Lining up on the outside, looking like a tight end and running like a track star, Calvin Johnson gives the Detroit Lions a weapon the likes of which we’ve never seen in the NFL. In 2012, he broke the league’s record for receiving yardage with a 1,964 yard campaign, firmly reinforcing the seemingly elementary fact that he’s the game’s best wide receiver.
However, as we watch him put up similarly ludicrous numbers in 2013, best wide receiver in the NFL doesn’t seem to cover it anymore for Johnson.
Calvin Johnson is the best player in the NFL.
Yes, I know of Peyton Manning, Aaron Rodgers, Drew Brees, Adrian Peterson, J.J. Watt and Patrick Willis. I’m aware that they all are capable of domineering games and often single-handedly leading their respective teams to victory. However, Calvin Johnson has managed to affect games continually despite being entirely reliant on somebody else getting him the ball.
To physically impose your will on another team despite spending the majority of the game on an island by yourself–unless, of course, you count the two or three defenders who are tasked with stopping him on any given play–and still commanding that level of attention is almost unheard of.
The NFL has seen their share of great wide receivers (Jerry Rice, Randy Moss, Terrell Owens, etc.), but Johnson is a compilation of the best of all of them.
He knows the intricacies of the position like a Jerry Rice, often playing all three wide receiver positions during the course of the game in an effort to create mismatches. He stretches the field on the deep ball like a Randy Moss. He is an absolute bulldozer after the catch like a Terrell Owens.
The NFL is entering the golden age of X’s and O’s, and Calvin Johnson is the single biggest mismatch the league currently has to offer.
Single cover him with a smaller corner? Throw it high and watch him fly.
Pair him in the slot with a safety or a linebacker and watch helplessly as he splits the seam and waltz 80 yards into the endzone. Roll a safety over the top to help and he’ll knife your secondary with a precision route and still make a play, or, at the very least, demand enough attention to give guys like Reggie Bush and Brandon Pettigrew more open field than they know what to do with.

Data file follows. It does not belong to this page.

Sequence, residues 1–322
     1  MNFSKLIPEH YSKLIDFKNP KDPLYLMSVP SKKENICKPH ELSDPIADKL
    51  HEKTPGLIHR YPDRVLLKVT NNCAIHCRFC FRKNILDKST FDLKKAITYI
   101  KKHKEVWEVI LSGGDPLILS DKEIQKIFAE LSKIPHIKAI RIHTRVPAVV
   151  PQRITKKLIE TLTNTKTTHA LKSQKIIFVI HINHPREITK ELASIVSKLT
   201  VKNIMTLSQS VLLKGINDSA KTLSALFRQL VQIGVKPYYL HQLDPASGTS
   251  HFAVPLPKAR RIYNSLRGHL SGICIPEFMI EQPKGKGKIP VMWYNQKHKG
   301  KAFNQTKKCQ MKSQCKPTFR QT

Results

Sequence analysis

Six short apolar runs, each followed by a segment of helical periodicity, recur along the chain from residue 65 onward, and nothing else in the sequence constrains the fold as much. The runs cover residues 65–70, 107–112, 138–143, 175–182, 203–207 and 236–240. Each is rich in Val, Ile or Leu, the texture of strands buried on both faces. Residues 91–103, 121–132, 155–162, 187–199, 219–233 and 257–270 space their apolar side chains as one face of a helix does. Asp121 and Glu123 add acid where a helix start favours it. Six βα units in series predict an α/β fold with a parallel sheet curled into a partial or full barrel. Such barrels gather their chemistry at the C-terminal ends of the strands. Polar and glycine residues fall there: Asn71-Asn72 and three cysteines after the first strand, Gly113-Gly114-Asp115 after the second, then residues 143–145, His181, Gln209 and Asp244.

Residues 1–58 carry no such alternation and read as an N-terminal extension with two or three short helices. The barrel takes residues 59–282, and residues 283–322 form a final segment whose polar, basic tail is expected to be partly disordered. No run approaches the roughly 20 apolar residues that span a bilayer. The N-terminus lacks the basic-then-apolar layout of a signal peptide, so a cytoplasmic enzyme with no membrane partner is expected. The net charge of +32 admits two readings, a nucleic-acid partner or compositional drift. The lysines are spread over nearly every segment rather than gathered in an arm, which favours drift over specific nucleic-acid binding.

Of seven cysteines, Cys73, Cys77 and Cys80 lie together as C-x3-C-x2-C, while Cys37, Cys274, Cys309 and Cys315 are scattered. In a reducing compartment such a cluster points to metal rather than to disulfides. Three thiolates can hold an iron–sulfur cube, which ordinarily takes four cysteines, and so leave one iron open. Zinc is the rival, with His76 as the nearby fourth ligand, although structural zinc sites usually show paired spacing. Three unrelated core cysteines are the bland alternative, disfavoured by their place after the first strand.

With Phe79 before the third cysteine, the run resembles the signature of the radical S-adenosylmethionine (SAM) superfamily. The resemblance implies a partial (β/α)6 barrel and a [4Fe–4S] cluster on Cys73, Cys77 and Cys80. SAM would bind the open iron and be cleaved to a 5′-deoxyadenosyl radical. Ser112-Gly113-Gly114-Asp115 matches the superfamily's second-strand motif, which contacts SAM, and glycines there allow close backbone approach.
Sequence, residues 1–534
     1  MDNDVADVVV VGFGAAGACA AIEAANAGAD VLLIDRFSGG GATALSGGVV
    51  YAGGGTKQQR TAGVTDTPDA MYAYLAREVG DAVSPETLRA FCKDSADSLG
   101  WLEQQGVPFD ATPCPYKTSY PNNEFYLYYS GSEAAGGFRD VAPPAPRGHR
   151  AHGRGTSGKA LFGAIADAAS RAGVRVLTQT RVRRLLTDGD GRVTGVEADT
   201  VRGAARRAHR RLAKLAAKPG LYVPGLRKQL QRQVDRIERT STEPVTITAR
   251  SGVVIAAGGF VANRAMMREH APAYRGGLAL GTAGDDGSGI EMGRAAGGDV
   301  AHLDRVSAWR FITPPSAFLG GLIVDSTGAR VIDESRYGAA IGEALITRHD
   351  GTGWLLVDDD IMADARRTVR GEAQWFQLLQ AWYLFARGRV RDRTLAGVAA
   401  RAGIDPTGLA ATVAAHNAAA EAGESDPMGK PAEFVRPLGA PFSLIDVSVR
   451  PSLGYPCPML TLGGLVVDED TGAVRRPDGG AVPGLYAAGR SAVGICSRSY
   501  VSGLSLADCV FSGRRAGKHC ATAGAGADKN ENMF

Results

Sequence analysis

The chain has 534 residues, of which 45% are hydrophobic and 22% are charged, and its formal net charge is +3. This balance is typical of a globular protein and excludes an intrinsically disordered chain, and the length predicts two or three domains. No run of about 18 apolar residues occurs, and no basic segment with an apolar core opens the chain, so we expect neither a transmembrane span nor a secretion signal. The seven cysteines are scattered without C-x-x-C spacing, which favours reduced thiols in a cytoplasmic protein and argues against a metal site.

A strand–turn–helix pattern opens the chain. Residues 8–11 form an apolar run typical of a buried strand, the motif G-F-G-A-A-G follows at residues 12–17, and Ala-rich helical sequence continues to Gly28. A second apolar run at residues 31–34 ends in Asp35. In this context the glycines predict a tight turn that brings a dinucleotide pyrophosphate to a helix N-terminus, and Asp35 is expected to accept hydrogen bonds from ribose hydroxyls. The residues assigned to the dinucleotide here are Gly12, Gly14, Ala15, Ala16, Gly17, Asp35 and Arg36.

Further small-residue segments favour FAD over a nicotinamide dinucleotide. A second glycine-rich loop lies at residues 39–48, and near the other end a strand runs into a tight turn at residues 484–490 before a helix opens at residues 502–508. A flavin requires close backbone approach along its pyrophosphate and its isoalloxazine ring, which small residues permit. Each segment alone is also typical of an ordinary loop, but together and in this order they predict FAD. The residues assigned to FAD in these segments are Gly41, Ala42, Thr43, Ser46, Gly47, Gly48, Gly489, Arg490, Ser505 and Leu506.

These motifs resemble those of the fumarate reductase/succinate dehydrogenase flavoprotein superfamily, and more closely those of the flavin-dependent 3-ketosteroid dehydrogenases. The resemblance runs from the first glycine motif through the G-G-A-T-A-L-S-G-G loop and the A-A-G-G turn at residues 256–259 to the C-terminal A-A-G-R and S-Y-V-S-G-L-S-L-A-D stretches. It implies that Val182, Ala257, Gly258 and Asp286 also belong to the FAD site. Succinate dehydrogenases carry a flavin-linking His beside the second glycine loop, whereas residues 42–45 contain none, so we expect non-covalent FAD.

He’s too big to press at the line of scrimmage, too athletic and difficult to bring down in the open field to play off the line of scrimmage and too smart to even think about trying to disguise coverages altogether.
Before the Detroit Lions went on their bye last week, all this was on full display as Calvin Johnson came seven yards shy of the NFL record for receiving yards in a single game with 329. He took his real team and fantasy teams alike, and in a display of Herculean strength hoisted them onto his broad shoulders and waded through chest deep water (a.k.a. a 10-point deficit in Dallas) delivering everybody safely–with victories–on the other side.
Calvin Johnson: The Ark.
But Calvin Johnson already has a nickname. They call him Megatron, presumably because he’s a hulking piece of technology that we’ll never even begin to understand and because he’s constantly plotting the physical domination of the rest of the human race.
And through six and a half seasons, he’s done exactly that, putting up video game numbers (535 catches for 8,657 yards and 61 touchdowns). And we’re not talking about a guy who is glitching the system and just running a backside fly in a bunch set for a gajillion yards a game. Calvin Johnson is doing it while playing every wide receiver position and running every pattern on the route tree.
And, to make matters worse (or better if you’re from Detroit– God knows you need it–and you’re a Lions fan) this is a guy who is merely entering his prime. At 27, he had one of (even with the record, it’s hard to top Jerry’s 1,848 yard, 15 TD season in 1995) greatest years a wide receiver has ever had. At 28, he’s on a similar track, and he’s signed through 2020.
That makes him a Detroit Lion (where he’ll likely remain paired with gunslinger Matthew Stafford) until he’s 35, and while playing such a physical brand of football may not be conducive to longevity in this league, Johnson certainly doesn’t look like the type of specimen who wears down.
I doubt Calvin Johnson will ever be able to approach the numbers that Jerry Rice accumulated, given that Rice was an effective wide receiver into his 40s, but when it’s all said and done, it’ll be awfully difficult to keep Johnson out of the conversation for greatest wide receiver of all-time. However, in the meantime, I imagine he’d settle for the best player (regardless of position) in the NFL.
And you can certainly make a case for that.